François Dollier de Casson
Fourth superior of Saint-Sulpice, Montreal, Canada, b. near Nantes, France, 1636; d. in 1701. He was first a soldier and served as a captain under Marshal Turenne, his bravery eliciting this general's esteem. In 1657 he entered the Seminary of Saint-Sulpice, at Paris, was admitted into the Company, and went to Canada in 1666. There he devoted himself with great ardour to missionary work and, in company with Father Galinée, a fellow Sulpician, made a reconnoitring tour of Lakes Erie and Ontario ; unfortunately, his account of the expedition has been lost. In 1671 Father de Casson succeeded Father de Queylus as superior of the Sulpicians, and while in this position contributed largely to the development of Villemarie (Montreal), planned the laying out of its streets, began the canal known since by the name of Lachine, and moreover, stimulated the energy of the colonists under trying and hazardous circumstances. He wrote a "Histoire du Montreal" (Mémoires de la société historique de Montréal, 1869), and "Récit de ce qui s'est passé au voyage que M. de Courcelles a fait au lac Ontario" (Bibliothèque nationale de Paris, old French supplement, no. 13, 516, 516, fol. 207-218).
More Catholic Encyclopedia
Browse Encyclopedia by Alphabet
The Catholic Encyclopedia is the most comprehensive resource on Catholic teaching, history, and information ever gathered in all of human history. This easy-to-search online version was originally printed in fifteen hardcopy volumes.
Designed to present its readers with the full body of Catholic teaching, the Encyclopedia contains not only precise statements of what the Church has defined, but also an impartial record of different views of acknowledged authority on all disputed questions, national, political or factional. In the determination of the truth the most recent and acknowledged scientific methods are employed, and the results of the latest research in theology, philosophy, history, apologetics, archaeology, and other sciences are given careful consideration.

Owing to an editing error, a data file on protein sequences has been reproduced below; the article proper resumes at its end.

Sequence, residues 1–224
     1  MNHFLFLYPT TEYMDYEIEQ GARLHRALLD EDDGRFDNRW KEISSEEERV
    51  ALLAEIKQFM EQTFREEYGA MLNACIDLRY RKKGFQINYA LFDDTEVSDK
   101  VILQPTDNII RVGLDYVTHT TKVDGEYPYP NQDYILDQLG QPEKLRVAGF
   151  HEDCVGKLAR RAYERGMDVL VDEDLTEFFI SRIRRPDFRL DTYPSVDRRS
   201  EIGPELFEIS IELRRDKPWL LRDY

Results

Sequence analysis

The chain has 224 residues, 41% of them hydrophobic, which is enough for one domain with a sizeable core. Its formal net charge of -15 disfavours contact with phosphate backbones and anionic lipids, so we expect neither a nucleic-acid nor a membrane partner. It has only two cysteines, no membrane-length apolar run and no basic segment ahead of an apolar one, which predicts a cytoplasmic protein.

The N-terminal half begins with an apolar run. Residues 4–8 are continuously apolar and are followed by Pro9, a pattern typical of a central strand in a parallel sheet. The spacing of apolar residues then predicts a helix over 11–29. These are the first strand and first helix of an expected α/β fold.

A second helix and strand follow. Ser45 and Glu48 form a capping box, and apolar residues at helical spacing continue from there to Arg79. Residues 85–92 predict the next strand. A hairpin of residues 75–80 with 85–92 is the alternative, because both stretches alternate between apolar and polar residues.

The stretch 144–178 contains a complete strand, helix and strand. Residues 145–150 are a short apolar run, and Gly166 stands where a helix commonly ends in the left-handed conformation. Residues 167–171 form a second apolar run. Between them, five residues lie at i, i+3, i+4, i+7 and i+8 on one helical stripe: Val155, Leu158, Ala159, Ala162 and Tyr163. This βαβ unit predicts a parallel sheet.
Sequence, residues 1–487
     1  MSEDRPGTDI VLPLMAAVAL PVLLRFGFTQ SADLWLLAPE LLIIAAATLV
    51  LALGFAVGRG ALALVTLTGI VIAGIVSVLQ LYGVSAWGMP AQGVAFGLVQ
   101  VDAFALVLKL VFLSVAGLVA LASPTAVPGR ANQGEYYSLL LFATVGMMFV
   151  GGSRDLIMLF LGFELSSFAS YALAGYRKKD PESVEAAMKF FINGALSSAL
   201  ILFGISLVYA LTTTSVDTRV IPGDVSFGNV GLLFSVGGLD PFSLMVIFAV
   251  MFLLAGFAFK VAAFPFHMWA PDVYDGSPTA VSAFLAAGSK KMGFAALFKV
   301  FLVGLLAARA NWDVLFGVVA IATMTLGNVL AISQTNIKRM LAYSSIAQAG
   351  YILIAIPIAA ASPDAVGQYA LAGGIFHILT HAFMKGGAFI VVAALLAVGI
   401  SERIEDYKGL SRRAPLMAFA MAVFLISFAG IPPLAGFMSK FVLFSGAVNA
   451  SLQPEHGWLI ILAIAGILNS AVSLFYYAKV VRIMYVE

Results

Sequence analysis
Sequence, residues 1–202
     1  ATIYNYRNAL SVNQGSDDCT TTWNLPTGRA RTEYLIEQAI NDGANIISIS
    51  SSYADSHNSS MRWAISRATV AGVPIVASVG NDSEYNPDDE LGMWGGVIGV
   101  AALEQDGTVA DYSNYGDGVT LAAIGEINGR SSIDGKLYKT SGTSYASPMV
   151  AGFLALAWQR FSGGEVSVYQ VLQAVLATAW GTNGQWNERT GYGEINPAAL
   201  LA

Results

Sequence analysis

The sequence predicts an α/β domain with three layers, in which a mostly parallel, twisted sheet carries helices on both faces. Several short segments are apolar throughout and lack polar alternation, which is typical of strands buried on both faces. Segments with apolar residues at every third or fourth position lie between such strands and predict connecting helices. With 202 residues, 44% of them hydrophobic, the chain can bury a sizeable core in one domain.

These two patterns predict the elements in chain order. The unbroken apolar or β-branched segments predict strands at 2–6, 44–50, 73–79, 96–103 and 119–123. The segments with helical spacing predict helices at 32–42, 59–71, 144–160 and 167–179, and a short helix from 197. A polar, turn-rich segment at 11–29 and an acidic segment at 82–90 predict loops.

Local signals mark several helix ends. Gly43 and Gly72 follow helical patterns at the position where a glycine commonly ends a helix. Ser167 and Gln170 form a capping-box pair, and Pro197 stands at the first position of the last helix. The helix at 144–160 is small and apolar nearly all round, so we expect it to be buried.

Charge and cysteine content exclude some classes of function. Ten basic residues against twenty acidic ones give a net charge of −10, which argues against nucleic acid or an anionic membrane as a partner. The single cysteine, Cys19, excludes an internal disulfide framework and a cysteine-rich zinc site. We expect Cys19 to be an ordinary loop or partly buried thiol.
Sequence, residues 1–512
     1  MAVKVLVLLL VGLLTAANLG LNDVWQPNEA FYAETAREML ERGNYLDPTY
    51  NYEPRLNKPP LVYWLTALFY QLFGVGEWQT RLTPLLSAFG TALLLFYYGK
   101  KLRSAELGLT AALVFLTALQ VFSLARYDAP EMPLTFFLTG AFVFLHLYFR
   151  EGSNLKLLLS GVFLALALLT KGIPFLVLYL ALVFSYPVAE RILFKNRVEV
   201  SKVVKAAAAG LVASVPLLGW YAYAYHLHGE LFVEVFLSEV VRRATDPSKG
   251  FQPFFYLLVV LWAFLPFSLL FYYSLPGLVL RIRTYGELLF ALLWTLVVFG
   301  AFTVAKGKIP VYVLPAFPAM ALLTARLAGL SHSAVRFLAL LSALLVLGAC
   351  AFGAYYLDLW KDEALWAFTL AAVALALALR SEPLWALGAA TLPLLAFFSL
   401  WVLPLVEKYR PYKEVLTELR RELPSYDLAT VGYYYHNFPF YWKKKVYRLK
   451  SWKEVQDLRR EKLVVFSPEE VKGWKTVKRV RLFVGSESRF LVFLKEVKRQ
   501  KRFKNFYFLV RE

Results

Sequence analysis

No one who is interested in human history, past and present, can ignore the Catholic Church, either as an institution which has been the central figure in the civilized world for nearly two thousand years, decisively affecting its destinies, religious, literary, scientific, social and political, or as an existing power whose influence and activity extend to every part of the globe. In the past century the Church has grown both extensively and intensively among English-speaking peoples. Their living interests demand that they should have the means of informing themselves about this vast institution, which, whether they are Catholics or not, affects their fortunes and their destiny.
Browse the Catholic Encyclopedia by Topic
Copyright © Catholic Encyclopedia. Robert Appleton Company New York, NY. Volume 1: 1907; Volume 2: 1907; Volume 3: 1908; Volume 4: 1908; Volume 5: 1909; Volume 6: 1909; Volume 7: 1910; Volume 8: 1910; Volume 9: 1910; Volume 10: 1911; Volume 11: - 1911; Volume 12: - 1911; Volume 13: - 1912; Volume 14: 1912; Volume 15: 1912
Catholic Online Catholic Encyclopedia Digital version Compiled and Copyright © Catholic Online